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Murderer sentenced


By Meg Kennedy

She never pulled the trigger, but Hong Kong national Yu Tung Lo will spend the next two-decades behind bars for the murder Bacchus Marsh man Paul Hogan.
Lo, 29, was sentenced to 21-years in prison on the morning of Friday 3 May, almost three-years to the date of Hogan’s death.
She appeared before Justice Paul Coghlan and a crowded courtroom of the deceased’s family members, including mother Val Hogan, in the Supreme Court of Victoria.
Lo appeared emotionless in the dock – a blank expression she had worn constantly throughout her trial – dressed in a black blazer and white shirt.
Lo first met Mr Hogan on 29 April 2016, after speaking on popular social media mobile app WeChat.
Just under a month later, he was dead.
Mr Hogan died from a single gun-shot wound to the head by shooter Daniel Duhovic, with Lo present, in the driveway of his Labilliere street home in Maddingley on the morning of Tuesday, 24 May 2016.
Although she wasn’t the person behind the gun, Justice Coghlan told the court that Lo was the “more serious offender” in the matter and was “the driving force [behind] the offending.”
Lo was found to have intentionally assisted, encouraged and directed shooter Daniel Duhovic to kill Mr Hogan.
“In this case, there is evidence that you have done each of those things,” said Justice Coghlan.
Leading up to the murder, Lo had sent text messages to Duhovic saying that she “wanted to kill someone in the brain,” and “I want it [Hogan] dead.”
Duhovic is currently serving a 15-year sentence for Mr Hogan’s murder.
“You knew you could manipulate him [Duhovic],” said Justice Coghlan.
Lo was also sentenced three-years for one count of perjury, after it was confirmed she had made false statements to police after Mr Hogan’s murder.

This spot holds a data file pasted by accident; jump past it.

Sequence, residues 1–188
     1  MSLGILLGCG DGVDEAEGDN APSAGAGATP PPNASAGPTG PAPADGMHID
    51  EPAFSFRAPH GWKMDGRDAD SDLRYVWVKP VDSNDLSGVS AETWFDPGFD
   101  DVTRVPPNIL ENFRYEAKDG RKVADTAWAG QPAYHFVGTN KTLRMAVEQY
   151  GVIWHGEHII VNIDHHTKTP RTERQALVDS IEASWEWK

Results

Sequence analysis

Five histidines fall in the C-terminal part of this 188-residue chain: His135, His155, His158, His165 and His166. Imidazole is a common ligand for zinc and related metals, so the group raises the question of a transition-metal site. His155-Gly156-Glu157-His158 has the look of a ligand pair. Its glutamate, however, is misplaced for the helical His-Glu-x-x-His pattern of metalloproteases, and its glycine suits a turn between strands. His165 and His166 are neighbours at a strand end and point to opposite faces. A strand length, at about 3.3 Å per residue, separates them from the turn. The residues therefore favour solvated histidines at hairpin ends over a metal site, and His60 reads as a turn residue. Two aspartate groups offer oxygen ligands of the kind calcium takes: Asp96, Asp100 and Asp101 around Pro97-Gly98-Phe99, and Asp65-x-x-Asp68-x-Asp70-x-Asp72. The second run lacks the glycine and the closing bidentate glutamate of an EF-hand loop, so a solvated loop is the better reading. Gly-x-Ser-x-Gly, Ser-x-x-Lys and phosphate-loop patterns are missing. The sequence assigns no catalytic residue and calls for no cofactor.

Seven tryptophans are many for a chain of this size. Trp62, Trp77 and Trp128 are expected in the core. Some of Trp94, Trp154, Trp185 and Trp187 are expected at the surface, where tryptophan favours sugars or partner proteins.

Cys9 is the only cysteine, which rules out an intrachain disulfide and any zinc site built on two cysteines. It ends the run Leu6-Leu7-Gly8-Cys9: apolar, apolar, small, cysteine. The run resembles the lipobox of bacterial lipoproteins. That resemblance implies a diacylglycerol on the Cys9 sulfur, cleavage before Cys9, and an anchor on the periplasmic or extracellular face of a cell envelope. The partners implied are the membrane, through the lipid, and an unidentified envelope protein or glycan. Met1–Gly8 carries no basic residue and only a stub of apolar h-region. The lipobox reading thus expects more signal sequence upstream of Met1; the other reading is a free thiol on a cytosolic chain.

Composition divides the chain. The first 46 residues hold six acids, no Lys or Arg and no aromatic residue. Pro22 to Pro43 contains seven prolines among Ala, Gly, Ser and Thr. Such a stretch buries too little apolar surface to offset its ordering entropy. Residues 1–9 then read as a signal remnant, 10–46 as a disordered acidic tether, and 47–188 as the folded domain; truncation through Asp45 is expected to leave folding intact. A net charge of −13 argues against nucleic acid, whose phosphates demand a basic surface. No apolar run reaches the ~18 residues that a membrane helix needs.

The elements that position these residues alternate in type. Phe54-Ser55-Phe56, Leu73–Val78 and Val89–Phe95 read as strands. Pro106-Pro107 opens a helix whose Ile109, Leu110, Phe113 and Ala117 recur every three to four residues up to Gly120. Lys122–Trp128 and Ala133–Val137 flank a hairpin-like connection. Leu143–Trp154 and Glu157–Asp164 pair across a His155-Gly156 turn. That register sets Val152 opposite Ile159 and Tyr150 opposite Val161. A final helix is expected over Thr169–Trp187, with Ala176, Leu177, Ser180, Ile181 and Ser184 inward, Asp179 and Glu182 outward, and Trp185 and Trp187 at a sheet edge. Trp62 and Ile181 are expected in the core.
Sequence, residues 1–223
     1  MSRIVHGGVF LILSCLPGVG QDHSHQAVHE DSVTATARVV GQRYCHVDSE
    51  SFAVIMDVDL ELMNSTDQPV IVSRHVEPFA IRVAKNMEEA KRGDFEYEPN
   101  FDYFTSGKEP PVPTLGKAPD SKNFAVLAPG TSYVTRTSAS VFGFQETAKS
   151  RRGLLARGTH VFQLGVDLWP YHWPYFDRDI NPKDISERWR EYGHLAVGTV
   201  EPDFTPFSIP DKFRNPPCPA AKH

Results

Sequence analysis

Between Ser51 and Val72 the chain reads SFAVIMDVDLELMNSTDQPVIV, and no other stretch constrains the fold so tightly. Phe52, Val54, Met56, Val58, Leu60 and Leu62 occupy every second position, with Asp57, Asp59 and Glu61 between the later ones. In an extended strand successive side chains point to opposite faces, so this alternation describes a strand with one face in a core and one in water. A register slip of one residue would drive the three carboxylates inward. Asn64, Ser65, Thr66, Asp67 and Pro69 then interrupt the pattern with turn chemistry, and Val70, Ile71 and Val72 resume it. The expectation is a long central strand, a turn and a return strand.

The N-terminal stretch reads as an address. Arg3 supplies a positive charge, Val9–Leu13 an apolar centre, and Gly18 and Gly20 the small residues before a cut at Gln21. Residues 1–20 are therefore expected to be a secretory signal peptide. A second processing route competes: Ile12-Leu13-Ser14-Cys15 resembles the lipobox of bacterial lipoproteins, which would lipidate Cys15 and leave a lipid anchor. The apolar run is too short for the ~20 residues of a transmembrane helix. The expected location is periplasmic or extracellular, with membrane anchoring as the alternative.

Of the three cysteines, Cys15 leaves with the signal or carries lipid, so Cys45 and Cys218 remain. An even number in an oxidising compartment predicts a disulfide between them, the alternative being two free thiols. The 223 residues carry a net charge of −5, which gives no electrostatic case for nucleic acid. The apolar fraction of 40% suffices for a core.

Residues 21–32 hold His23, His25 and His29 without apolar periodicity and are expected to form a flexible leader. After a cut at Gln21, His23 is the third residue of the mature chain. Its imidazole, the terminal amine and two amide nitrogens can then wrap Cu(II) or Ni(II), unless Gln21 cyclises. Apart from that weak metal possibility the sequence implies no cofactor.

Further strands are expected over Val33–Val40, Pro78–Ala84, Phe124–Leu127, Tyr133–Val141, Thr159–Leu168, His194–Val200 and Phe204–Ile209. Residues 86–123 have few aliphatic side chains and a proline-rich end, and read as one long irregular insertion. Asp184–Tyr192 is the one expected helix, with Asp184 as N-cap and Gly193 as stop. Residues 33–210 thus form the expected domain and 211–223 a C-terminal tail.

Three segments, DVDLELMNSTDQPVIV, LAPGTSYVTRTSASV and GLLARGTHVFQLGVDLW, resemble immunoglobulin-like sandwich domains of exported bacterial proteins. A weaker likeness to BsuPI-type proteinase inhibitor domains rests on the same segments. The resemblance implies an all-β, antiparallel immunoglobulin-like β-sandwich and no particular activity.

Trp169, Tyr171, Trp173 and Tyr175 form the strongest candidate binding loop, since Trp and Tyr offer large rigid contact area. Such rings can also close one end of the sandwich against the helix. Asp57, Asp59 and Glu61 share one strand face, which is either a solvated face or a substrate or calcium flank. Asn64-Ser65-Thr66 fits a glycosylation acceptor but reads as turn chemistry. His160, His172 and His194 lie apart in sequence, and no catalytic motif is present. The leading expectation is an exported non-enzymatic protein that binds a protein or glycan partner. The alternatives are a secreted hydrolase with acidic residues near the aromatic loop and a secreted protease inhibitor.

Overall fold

It was confirmed in April of this year that Lo had falsely stated she was sexually assaulted by Paul Hogan’s housemate whilst living in Bacchus Marsh in 2016.
In her statement, Lo also claimed she had taken a taxi to Southern Cross train station in Melbourne after Mr Hogan’s death, when in fact she had fled the scene of the crime with Duhovic.
“You simply tried to lie your way out in your involvement of this crime,” Justice Coghlan told Lo.
Val Hogan and other family members broke down as the verdict was read to the court.
Justice Coghlan said the victim impact statements, written by those involved in Paul Hogan’s life “indicate true grief and pain,” and that “[we] can never place ourselves in [their] position, which is awful.”
Ms Hogan wrote in her victim impact statement, read aloud to the court in April 2019, that she had “sat in court and listened to all the lies you told. You don’t care who you hurt.”
“I myself have shed oceans of tears, pouring down my face. I have nightmares where I yell and scream in my sleep, trying to save my son,” she wrote.
After sentencing, father Alan Hogan told the Moorabool News he was “as happy as [I] can be…within the realms of the law”, about the verdict.
“She is getting what she wanted…she’s staying in Australia,” he said.
Lo will serve a total of 21-years in prison for murder, three-years for perjury (to be served concurrently), with a non-parole period of 17-years.